Our members say unity is strength

4th April 1997 at 01:00
I have been a teacher for 27 years, and have had the good fortune to have worked in five different schools, in four different local authorities.

I have been secretary of two local associations in the National Association of Schoolmasters Union of Women Teachers, as well as secretary of two county associations. I have represented NASUWT at local trades councils, as well as at the Wales TUC for the past 10 years. I did, furthermore, represent secondary school teachers on the South Glamorgan Education Committee for 13 years. I can honestly say I have met a very wide range of teachers - and members of other trade unions - and talked to a wide range of teachers. I work in a school of 131 teachers, so I have daily contact with a great cross-section of teachers, many of whom are NASUWT members.

It is my conviction that the majority of teachers favour the creation of one teacher union - a conviction based on nearly three decades of continuous contact with serving teachers on a daily basis. Never more strongly has this feeling come across than at present. This feeling is shared by non-teacher trade unionists, who are sometimes amazed by the divisions among teacher unions.

To test my thesis I devised a questionnaire and distributed it to all 131 teachers in Whitchurch High School; 78 replied, of whom 72 thought it was in the best interests of teachers that there be one teaching union, and all but one of the NASUWT members thought so. I hope to extend this survey to other schools in Cardiff.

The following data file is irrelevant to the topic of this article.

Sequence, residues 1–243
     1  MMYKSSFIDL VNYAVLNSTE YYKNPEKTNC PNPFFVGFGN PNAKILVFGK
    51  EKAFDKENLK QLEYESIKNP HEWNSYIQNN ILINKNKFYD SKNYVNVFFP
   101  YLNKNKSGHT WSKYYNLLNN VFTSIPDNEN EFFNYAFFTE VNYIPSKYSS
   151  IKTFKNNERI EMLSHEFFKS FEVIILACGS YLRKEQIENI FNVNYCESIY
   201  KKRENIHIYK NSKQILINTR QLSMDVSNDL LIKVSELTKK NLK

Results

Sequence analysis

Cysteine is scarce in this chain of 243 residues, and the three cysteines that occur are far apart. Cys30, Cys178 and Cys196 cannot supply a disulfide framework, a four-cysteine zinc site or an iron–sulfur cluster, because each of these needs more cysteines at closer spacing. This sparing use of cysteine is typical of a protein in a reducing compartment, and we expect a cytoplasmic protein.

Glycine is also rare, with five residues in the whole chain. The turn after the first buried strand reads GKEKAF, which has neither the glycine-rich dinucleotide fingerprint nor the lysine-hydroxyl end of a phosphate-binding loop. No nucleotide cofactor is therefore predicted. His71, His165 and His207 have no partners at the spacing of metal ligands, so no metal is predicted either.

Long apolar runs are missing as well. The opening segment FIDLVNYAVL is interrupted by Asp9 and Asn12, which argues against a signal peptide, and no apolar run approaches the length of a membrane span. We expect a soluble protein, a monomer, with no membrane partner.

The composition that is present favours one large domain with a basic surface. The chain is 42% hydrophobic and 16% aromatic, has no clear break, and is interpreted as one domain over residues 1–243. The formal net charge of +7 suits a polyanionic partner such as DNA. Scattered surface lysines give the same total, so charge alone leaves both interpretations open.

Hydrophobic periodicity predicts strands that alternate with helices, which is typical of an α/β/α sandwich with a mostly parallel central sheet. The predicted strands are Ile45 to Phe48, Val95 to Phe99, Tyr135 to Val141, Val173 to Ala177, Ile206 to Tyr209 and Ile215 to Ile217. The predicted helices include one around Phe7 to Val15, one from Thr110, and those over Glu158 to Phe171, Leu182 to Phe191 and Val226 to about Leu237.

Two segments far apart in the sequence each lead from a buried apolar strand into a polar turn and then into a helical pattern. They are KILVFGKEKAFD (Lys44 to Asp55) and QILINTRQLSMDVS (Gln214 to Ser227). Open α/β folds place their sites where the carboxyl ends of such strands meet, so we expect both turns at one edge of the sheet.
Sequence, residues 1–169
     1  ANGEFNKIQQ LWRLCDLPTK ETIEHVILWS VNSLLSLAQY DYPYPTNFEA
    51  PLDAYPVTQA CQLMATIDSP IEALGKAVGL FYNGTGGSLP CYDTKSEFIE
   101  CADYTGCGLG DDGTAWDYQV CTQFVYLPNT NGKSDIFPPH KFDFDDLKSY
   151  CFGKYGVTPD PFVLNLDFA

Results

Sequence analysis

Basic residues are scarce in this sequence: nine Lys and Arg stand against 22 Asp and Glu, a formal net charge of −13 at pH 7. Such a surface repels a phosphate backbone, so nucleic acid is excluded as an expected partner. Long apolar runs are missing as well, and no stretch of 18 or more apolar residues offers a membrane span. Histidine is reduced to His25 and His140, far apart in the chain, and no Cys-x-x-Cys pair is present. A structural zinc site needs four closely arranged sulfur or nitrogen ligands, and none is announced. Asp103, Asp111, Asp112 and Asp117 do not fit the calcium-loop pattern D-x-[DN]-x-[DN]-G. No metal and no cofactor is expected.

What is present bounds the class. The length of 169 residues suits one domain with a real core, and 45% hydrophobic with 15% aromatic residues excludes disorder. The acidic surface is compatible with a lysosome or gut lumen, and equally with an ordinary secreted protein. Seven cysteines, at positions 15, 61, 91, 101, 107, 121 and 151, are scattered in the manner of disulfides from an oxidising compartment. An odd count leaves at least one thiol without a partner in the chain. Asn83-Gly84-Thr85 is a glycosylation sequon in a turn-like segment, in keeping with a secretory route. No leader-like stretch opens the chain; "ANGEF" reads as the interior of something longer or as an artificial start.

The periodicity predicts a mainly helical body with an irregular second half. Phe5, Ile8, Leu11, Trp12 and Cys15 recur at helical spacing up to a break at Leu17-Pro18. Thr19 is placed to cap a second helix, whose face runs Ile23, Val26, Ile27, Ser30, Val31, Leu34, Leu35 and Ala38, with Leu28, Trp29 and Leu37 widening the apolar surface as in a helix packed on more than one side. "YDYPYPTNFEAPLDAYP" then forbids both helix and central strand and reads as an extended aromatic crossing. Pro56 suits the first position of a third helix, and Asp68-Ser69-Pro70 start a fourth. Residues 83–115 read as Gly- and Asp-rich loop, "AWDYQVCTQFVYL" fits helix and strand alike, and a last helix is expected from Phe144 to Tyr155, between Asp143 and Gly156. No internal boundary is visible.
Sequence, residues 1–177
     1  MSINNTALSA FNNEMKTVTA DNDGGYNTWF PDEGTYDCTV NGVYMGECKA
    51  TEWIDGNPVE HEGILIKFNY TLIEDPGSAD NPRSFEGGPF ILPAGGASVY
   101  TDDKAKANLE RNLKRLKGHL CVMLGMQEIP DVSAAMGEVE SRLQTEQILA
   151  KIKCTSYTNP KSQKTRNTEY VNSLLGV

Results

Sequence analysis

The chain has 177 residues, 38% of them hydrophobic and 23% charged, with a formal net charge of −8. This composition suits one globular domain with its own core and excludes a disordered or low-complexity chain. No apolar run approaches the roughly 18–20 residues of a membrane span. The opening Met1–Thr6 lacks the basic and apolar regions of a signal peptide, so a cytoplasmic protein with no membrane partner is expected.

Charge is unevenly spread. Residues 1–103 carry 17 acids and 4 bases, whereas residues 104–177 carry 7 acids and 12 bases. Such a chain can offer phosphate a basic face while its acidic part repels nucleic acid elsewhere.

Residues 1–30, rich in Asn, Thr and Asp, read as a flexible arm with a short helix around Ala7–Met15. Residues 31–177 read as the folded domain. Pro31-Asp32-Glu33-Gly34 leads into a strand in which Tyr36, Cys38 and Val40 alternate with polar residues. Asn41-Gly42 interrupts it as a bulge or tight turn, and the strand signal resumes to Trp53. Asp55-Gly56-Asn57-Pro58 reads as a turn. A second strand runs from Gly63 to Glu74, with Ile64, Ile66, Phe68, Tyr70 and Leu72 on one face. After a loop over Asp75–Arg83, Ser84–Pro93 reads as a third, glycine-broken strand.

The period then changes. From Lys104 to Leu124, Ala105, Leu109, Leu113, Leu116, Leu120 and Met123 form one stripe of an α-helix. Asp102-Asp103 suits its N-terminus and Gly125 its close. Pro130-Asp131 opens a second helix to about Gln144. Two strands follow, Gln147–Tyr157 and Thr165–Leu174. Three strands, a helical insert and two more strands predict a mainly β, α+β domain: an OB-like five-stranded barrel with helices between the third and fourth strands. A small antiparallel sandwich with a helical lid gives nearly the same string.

I have on a number of occasions tried to persuade NASUWT conference to hold a ballot on amalgamation - so far in vain. I shall continue to do so, because I believe the best interests of teachers would be served by the formation of one teacher union. At the moment the National Union of Teachers, Association of Teachers and Lecturers and NASUWT all advertise for members - the more fanatic certainly among the NASUWT treating it like some missionary pursuit in an attempt to proselytise and to recruit sinners to the fold.

If only we could devote the same time and energy to protecting and improving the rights of teachers, as to internecine warfare and rivalry, perhaps we would be taken more seriously by the employers, especially the Department for Education and Employment, and create a more united approach, which would not only enhance our image in the eyes of parents and the media, but create a more effective forum for discussion with our employers.

It is time to put an end to inter-union rivalry, bickering and the mutual, even ritual, abuse that takes place. The only beneficiaries of disunity are the employers and the Government. Aphorisms have the tendency to be either pompous, pretentious nonsense, or self-evident truths. "Unity is strength" is one that falls into the latter category - moreover, it is what the majority of teachers want.

BRIAN WILLIAMS Whitchurch High School Cardiff

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